Part x. How to Properly Use Hyphens

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This topic was requested by thehiddenblackpearl.

Hyphens' main purpose is to glue words together. They notify the reader that two or more elements in a sentence are linked.

Hyphenating Compound Words

You use a hyphen to split a word (between syllables) at the end of a line, but you also use a hyphen to join some compound words.

A compound word is a word made up of two words. For example, eyelash (eye lash), billboard (bill board), and airplane (air plane).

The rules about when to hyphenate a compound word are a bit tricky. The problem is that compound words go through an evolution from open compound (two separate words) to hyphenated compound to closed compound (one word with the two parts shoved together).

The best advice I can give you is to just Google it when you aren't sure whether to hyphenate a compound word or not.

You often use a hyphen between compound adjectives that come directly before the noun they modify. Compound adjectives are two or more words that together create an adjective, and should be understood as one word. But do not hyphenate these adjectives when they come after the noun they modify.

They are in a long-term relationship.

Their relationship is long term.

So in the above example, 'relationship' is the noun and 'long term' is the adjective, because it is describing how long, modifying the relationship (noun).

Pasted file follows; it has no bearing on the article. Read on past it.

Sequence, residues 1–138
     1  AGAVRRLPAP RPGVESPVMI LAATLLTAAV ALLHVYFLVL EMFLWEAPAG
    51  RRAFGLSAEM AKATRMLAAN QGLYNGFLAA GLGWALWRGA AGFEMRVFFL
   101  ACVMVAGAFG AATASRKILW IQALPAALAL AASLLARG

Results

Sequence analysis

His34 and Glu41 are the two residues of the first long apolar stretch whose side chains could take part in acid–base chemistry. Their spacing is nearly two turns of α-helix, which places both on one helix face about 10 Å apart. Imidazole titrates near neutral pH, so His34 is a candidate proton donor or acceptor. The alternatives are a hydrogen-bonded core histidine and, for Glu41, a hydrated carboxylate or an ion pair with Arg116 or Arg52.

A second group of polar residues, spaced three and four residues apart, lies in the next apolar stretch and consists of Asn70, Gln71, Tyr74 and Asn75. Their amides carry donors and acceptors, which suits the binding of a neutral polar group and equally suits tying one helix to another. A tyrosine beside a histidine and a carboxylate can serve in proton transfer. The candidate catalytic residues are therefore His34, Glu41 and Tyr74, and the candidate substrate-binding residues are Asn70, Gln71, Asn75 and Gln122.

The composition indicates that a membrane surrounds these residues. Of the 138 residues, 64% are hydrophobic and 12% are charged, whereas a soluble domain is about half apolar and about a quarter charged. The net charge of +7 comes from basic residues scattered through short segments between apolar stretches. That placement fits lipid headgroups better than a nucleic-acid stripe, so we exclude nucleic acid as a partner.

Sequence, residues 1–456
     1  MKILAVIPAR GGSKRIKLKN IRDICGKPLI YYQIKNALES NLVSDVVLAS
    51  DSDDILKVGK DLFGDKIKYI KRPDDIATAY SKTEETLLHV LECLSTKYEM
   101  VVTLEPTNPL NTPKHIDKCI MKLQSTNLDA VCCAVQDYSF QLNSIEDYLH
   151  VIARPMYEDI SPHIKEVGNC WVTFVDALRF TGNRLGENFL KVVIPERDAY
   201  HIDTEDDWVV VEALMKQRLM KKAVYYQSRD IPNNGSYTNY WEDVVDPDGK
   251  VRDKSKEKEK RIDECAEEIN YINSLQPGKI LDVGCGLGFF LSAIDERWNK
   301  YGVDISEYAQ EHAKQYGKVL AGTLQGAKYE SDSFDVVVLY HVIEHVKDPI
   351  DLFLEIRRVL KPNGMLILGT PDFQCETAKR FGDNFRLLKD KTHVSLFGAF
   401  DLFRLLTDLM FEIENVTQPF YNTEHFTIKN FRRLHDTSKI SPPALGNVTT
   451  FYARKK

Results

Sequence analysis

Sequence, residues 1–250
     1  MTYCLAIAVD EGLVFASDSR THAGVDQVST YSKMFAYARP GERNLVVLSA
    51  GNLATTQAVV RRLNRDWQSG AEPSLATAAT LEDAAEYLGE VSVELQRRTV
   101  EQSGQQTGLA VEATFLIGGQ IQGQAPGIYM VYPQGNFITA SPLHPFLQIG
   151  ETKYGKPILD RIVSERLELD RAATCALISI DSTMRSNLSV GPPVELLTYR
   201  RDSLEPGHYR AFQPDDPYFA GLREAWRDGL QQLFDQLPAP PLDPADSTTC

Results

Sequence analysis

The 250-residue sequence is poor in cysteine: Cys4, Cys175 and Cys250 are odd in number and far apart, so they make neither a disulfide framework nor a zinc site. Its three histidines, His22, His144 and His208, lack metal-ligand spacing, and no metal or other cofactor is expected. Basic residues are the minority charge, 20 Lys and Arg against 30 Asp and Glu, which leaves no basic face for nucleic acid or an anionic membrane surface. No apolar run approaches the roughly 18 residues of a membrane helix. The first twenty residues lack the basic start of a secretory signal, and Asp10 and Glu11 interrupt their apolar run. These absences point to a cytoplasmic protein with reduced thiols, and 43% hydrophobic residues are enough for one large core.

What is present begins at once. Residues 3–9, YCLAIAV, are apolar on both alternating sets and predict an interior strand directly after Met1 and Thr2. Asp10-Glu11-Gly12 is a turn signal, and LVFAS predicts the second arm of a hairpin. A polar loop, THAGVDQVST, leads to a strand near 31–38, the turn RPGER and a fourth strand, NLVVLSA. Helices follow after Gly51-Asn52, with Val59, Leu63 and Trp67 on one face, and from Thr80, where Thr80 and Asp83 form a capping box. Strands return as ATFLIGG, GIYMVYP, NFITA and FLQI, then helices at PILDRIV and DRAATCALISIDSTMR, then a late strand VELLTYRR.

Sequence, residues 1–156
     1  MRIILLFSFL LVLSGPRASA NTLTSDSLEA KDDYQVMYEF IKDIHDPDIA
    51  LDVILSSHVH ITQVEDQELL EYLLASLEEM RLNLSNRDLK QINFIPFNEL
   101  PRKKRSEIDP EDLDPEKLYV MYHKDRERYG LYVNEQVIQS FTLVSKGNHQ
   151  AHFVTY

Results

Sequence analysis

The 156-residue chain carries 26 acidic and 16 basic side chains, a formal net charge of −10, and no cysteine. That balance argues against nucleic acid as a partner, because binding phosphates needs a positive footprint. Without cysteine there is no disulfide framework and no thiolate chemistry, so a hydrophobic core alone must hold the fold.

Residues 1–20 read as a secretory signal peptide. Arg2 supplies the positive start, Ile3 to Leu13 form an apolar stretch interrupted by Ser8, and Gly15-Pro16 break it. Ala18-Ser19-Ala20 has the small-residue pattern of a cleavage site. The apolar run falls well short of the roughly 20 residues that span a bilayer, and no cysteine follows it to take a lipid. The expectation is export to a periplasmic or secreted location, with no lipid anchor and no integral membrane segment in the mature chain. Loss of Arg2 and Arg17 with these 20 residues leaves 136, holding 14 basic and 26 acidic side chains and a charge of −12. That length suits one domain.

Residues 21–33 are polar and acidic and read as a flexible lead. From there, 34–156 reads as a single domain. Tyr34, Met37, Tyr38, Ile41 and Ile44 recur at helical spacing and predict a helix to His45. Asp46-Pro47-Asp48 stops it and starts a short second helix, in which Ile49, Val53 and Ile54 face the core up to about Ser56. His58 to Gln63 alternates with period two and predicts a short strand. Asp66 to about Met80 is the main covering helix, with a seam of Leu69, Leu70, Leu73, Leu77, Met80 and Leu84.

When the adjective comes before the noun, you hyphenate it. When the adjective comes after the noun, it stays as is.

Here's where grammar gets a bit tricky, again.

When two adjectives modify a noun, sometimes a sentence can be read two different ways, causing the reader to become confused.

Wendy shopped at the silver-jewelry kiosk.

That sentence is clear that Wendy shopped at the kiosk that only sells silver jewelry. Take away the hyphen and the sentence could have a completely different meaning.

Wendy shopped at the silver jewelry kiosk.

Now, you can't tell whether or not the jewelry or the kiosk is silver.

For three adjectives modifying a noun, the same theory applies.

Wendy wanted the purple stitched jean jacket.

From this example, we can't tell if the stitching is purple or the jacket is purple.

Wendy wanted the purple-stitched jean jacket.

Okay, so now we know that the jean jacket has purple stitching.

Wendy wanted the purple stitched-jean jacket.

Here, we know that the jean jacket is purple with stitching.

Hyphens With Age

I touched upon this in the previous part, 'Top Writing Errors Most Wattpad Writers Struggle With.'

If you are writing out the age of a character hyphens may be needed.

When the age is an adjective that comes before the noun and modifies the noun, or when the age is a noun, hyphenate.

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